Media representations that reinforce this view typically depict white people in nature. Adventures for Hopi, The Nature Conservancy, African American Explorations, and Arctic Youth Ambassadors are examples of organizations advocating for a more inclusive narrative. They are striving to empower all people to see nature outside what Jessica Kutz writing in the January 16, 2020 issue of High Country News described as the domain of the special pants and a granola bar. Glenn Nelson writing in a June 27, 2016 issue of that same publication described a type of advocate who offers an alternative to that special-pants-white-narrative, one that includes a Hopi named Marshall Masayesva who sees Native Alaskans as some of the first kayakers and Ancestral Puebloans as amazing climbers. He believes, “It’s not that we can’t [kayak or mountain climb].” Or Teresa Baker who in her African American Explorations blog highlights how the absence of “black and brown faces atop billboards for athletic clothing and equipment” fails to convey the “message that every face matters, every voice matters.” To her, if we want “people of color” to care about our open spaces those faces must be included.
Individuals seeking out “life affirming” experiences that come through traveling as citizen scientists or as eco-volunteers typically value nature already and do not see conservation and preservation in conflict with those values. However, the failure to demonstrate a positive connection between protecting the environment and human well-being can lead many people to see environmental preservation as a luxury good where environmental stewardship outprices itself. In addition, if the costs associated with ecotourism and nature travel are prohibitively high, those costs become a barrier to participation. For nature immersion to have a broader appeal, it becomes essential to highlight both the economic and the ecological benefits healthy ecosystems can provide; otherwise, the environmental interpreter or in-nature experience preaches to an already existing “choir.”
A more inclusive narrative must generate educational opportunities that encourage immersion into nature for everyone. As missing advocates for nature push against existing boundaries, forming internships that recruit from nontraditional sources can have a significant impact. Arctic Youth Ambassadors offers internships that take young people from all walks of life into nature. Opportunities like that can move a young person from seeing nature as dangerous or scary to one that sees nature as critical to their lived experience. A group called Blackfeet Outfitters offers “Native Cultural Experiences” that take visitors to Montana into the ecological and cultural world of the Blackfeet, while bilingual birding tours are working to forge deeper connections between culture and nature by making space for local ownership of bird names. Efforts like these make nature more welcoming, so those individuals who are typically left out can develop relationships with the outdoors in ways that are both highly personal and unique.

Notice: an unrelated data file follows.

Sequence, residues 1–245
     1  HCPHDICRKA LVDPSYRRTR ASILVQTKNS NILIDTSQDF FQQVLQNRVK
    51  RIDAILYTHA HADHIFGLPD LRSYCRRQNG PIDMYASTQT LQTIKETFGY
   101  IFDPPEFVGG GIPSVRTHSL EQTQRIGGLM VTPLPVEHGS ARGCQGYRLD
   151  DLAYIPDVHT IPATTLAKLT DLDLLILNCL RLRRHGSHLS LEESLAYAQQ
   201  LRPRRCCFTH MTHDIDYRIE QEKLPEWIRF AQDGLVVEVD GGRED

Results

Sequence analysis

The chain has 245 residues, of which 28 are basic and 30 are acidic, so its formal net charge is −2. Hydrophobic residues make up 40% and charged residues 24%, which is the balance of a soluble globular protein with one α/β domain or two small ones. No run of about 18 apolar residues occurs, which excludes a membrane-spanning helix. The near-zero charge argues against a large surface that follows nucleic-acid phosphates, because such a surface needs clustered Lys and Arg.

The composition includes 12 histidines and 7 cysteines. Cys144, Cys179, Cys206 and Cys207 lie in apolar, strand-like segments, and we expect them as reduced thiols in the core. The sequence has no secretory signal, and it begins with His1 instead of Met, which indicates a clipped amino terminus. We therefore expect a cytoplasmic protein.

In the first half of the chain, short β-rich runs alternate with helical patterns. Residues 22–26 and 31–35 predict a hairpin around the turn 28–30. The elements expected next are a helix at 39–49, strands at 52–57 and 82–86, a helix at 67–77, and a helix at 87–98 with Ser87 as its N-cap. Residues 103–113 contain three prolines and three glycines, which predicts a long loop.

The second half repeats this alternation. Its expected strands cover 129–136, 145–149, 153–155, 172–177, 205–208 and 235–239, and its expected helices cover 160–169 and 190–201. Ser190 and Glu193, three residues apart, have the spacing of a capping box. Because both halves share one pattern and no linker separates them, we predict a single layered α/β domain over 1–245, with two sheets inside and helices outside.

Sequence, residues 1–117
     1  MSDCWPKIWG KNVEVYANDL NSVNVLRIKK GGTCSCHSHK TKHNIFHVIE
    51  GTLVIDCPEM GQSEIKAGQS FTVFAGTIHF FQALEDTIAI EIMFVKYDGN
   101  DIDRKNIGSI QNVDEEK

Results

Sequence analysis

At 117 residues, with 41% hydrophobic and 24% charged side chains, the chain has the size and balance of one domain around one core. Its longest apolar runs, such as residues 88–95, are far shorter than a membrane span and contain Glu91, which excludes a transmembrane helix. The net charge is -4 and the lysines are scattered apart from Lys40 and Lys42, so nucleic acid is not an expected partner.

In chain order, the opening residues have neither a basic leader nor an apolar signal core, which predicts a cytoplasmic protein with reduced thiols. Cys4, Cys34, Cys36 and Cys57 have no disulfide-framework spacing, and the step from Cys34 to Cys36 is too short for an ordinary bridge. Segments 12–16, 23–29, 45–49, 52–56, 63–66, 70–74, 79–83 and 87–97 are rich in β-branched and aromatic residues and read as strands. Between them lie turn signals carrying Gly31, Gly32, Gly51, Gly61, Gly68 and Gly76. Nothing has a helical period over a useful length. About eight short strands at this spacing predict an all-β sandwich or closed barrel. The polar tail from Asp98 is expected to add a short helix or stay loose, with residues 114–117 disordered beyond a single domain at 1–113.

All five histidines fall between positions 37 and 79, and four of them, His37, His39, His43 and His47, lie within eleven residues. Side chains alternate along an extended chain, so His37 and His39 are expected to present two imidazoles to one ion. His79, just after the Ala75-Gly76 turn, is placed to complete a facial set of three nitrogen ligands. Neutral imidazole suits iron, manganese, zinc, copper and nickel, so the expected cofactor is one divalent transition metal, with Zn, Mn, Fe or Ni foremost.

Redefining the existing white narrative by broadening the net through youth nature programs, bird or nature twitter feeds (like #BlackBirdersWeek or #unlikelyhikers ), education efforts, campaigns that show nature as “cool,” nature apps, time spent outdoors, and a reliance on more inclusive outdoor recreation advertisements and media representations is essential. By encouraging travel into nature, conservation groups can help empower all segments of society to see nature and wild spaces as critical to their lives. The result of this effort will be an increase in advocacy for everyone’s nature.
Barbara Jones is a professor of anthropology at Brookdale Community College. She is also the author of Wild Capital: Nature’s Economic and Ecological Wealth (2019).
Cite as: Jones, Barbara. 2020. ““New Advocates” for Our Wild Spaces.” Anthropology News website, October 2, 2020. DOI: 10.14506/AN.1511